Quick and easy stir-fry.
This Momofuku inspired recipe comes from Lucky Peach Presents 101 Easy Asian Recipes cookbook, by way of www.foodgal.com by way of my son, Scott.
I’m always getting interesting recipes from Scott to try. Like the 6 day plus salt cured egg yolk or his 24 no knead bread recipe. This particular recipe sounded really interesting to me though because I have follow Momofuku restaurants and David Chang for years. I just love that name and the way it rolls off your tongue — mo – mo- fu- ku. Now how could their food not be interesting and delicious.
The Lucky Beach cookbook has simplified a dish that David Chang serves in his Momofuku Ssam Bar. I always though of a ragu as being Italian and a heavy, hearty meal. The Italian versions of a ragu is a pasta sauce made with ground or minced meat, vegetables and tomatoes and the French style is more like a stew that is made of meat, fish and vegetables. You can eat either on its own or with a starch like a noodle or polenta.
This version is much lighter. I have used a Japanese dried noodle and it has baby bok choy which I increased from 2 cups to four since it seems to disappear when it starts wilting a little. I had a hard time finding the red chili bean paste though. I’ve bought it in the past but ended up using a fermented red chili past that is made from soybeans. (So, that could still pass for chili bean paste I thin??) I also did not have any ground pork on hand but had a bag full of pork milanese slices that I chopped up into small pieces. I may try the ground pork or even use some shrimp the next time I want to try this recipe.
I put together most of my ingredients earlier in the day so when I was ready to throw this together it literally took minutes to make. The noodles only take 3-4 minutes to cook and that can be done while you are sautéing the other ingredients.
Hope you will give this a try, and if you do, and you like it or have any suggestions for changes, please leave me a note down in the comment section.
Ingredients for this quick stir-fry.
Put the baby bok choy in a colander and rinse really well removing all grit and dirt that may be hiding in the leaves.
Coarsely chop up the baby bok choy.
Szechuan Peppercorns. It takes a tablespoon.
I could not find chili bean past but this version is made from soy beans.
Saute the onions until golden and remove from pan, set aside.
Saute the pork for 7-8 minutes, breaking up into small pieces if using ground pork. I used some pork milanese slices and chopped small because I had it in my freezer.
Add in the chili bean paste and all the other seasonings and peppercorns.
Add in the bok choy and quick stir-fry a couple of minutes. The recipe called for 2 cups, I will add 4 cups the next time because it quickly wilts down.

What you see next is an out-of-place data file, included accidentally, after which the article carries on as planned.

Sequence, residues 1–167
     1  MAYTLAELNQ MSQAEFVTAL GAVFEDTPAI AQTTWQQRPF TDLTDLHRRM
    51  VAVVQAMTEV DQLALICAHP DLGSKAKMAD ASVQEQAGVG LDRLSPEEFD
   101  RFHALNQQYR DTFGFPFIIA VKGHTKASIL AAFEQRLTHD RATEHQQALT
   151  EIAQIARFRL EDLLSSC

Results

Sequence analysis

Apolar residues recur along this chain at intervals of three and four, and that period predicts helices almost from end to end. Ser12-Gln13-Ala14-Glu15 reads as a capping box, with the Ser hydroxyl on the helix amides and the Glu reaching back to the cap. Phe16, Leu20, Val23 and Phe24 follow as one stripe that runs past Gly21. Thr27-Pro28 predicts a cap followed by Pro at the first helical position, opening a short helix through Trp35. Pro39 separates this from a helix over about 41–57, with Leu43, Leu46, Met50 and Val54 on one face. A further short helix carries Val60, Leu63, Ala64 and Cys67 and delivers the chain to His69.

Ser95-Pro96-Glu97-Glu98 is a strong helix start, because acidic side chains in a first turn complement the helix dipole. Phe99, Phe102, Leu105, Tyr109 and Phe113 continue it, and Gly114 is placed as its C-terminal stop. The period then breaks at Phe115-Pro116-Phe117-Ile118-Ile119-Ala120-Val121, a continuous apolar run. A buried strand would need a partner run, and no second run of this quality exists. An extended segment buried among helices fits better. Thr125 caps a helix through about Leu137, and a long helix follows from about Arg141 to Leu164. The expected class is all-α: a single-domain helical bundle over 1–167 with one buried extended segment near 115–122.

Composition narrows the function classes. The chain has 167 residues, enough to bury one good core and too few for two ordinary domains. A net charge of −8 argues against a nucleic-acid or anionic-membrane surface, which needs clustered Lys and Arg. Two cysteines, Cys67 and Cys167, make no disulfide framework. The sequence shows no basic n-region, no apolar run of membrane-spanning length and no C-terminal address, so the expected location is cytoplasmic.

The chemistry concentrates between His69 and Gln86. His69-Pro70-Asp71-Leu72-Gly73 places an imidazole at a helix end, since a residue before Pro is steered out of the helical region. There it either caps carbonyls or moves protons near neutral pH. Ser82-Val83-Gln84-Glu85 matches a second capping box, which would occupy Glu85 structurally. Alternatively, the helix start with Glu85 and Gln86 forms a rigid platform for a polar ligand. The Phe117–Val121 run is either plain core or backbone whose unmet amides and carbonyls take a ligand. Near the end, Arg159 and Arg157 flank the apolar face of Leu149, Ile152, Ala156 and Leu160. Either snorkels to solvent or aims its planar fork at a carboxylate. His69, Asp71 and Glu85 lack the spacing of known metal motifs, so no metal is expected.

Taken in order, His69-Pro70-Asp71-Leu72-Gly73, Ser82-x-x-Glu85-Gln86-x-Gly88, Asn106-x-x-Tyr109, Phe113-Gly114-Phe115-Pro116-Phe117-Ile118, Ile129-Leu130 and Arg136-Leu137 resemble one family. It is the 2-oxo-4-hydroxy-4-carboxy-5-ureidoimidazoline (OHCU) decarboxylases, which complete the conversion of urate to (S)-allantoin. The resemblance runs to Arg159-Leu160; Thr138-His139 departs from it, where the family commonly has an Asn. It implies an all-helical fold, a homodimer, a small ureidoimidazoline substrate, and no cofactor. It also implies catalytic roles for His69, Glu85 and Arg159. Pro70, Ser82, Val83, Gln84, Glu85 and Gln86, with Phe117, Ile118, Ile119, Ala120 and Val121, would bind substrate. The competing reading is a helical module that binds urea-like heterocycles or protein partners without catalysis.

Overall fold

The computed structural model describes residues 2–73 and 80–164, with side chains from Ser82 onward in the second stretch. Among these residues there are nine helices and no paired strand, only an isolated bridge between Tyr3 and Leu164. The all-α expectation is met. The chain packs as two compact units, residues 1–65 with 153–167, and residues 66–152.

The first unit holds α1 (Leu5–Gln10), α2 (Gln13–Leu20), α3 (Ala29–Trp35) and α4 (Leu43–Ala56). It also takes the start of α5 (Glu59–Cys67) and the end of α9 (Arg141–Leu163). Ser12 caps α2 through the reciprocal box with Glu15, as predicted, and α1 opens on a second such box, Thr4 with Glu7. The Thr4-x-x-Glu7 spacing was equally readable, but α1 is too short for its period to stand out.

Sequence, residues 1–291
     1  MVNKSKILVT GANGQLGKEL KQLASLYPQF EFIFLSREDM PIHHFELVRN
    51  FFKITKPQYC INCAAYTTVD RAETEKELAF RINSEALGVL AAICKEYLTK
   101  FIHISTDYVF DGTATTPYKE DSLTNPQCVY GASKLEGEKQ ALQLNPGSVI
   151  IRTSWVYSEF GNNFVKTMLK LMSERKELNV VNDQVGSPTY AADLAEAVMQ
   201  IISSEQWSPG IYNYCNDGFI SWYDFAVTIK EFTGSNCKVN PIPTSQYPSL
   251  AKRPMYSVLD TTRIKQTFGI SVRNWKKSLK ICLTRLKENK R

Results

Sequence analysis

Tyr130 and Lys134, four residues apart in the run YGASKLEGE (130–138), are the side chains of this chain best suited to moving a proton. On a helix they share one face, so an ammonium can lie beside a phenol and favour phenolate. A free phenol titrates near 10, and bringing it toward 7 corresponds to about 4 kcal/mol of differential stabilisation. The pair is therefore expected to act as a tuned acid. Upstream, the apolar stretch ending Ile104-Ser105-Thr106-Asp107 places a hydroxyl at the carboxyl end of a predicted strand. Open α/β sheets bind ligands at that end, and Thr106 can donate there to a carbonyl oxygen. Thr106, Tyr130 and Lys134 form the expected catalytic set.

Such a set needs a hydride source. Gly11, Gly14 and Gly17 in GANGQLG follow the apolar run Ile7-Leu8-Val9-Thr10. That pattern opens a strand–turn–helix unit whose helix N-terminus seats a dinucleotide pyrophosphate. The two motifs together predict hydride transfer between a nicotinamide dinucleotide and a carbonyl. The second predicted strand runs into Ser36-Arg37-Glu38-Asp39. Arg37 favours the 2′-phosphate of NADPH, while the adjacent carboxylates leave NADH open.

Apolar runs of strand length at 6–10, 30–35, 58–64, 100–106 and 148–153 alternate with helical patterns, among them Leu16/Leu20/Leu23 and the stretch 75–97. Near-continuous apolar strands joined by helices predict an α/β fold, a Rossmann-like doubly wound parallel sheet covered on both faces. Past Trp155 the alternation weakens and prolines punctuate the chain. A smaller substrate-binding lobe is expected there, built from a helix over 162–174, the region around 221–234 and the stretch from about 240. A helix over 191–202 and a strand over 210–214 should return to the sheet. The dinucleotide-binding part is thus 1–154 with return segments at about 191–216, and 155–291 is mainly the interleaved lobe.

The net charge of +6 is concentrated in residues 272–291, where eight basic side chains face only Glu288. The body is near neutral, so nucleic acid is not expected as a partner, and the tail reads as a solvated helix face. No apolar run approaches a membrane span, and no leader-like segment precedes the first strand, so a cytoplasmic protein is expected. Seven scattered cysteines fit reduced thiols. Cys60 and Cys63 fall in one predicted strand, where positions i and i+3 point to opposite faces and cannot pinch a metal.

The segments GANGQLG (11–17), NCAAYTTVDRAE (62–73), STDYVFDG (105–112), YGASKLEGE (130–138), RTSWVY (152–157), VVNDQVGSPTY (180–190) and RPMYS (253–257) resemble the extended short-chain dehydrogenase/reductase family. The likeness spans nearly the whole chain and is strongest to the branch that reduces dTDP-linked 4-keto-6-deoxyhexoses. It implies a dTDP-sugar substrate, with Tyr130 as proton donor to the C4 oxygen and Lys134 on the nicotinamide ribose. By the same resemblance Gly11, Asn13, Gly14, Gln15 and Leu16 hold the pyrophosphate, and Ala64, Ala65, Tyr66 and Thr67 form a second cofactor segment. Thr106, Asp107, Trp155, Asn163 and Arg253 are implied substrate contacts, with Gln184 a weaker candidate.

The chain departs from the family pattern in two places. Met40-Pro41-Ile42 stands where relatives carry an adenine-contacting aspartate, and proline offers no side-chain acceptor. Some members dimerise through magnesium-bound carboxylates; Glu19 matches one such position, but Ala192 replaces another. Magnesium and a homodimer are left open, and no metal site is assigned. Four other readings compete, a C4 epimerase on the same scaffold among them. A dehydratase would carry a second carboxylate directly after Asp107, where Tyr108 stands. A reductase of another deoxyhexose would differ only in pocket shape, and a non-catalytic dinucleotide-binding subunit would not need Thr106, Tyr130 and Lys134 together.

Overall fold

Stir everything together quickly.
Boil the noodles of your choice for 3-4 minutes. Drain.
Put some noodles in your bowl and top with pork/bok choy mixture.
Sichuan Pork Ragu
- 2 tablespoons vegetable oil
- 2 cups yellow onions, halved and thinly sliced
- 1 pound ground pork
- 1 tablespoon chopped garlic
- 2 tablespoons doubanjiang or gochujang (spicy chili-bean paste)
- 1 tablespoon Sichuan peppercorns
- 1 teaspoon red pepper chili flakes
- 1 tablespoon soy sauce
- 1 tablespoon sugar
- 1/4 cup water
- Kosher salt
- 4 cups coarsely chopped baby bok choy
- Fresh cooked noodles like lo mein, Japanese, Udon, rice or even spaghetti
- thinly sliced green onions, for garnish
- Heat 1 tablespoon oil in a 13" skillet over medium heat. Add the onions and cook, stirring and folding, until the onions are light golden but still retain their shape, about 15 minutes. Scoop the onions onto a plate and wipe out the skillet with a towel.
- Heat the remaining 1 tablespoon oil in the pan, then add the ground pork and cook, breaking the meat into small pieces with a spoon, until just cooked through, about 8 minutes.
- Push the meat to one side of the pan and add the garlic to the pork drippings. Sweat until fragrant, 1 to 2 minutes, then remove from the heat. Stir in the chili-bean paste, peppercorns, chili flakes, soy sauce, sugar, water, and reserved onions. Season to taste with salt. At this point, the sauce may be refrigerated or frozen. Reheat before proceeding.
- Bring the sauce to a simmer over medium heat and stir in the chopped greens. Cook, stirring occasionally, until the stems are just tender, 3 to 5 minutes. Serve the sauce over noodles or rice, sprinkled with scallions.
- Lucky Peach called for 5 cups of onion. I thought that was too much so I decreased the onion to two cups but raised the bok choy from 2 cups to four and I used "baby" bok choy instead of the bigger sibling.
- I did not refrigerate my sauce. I made and served once it was ready.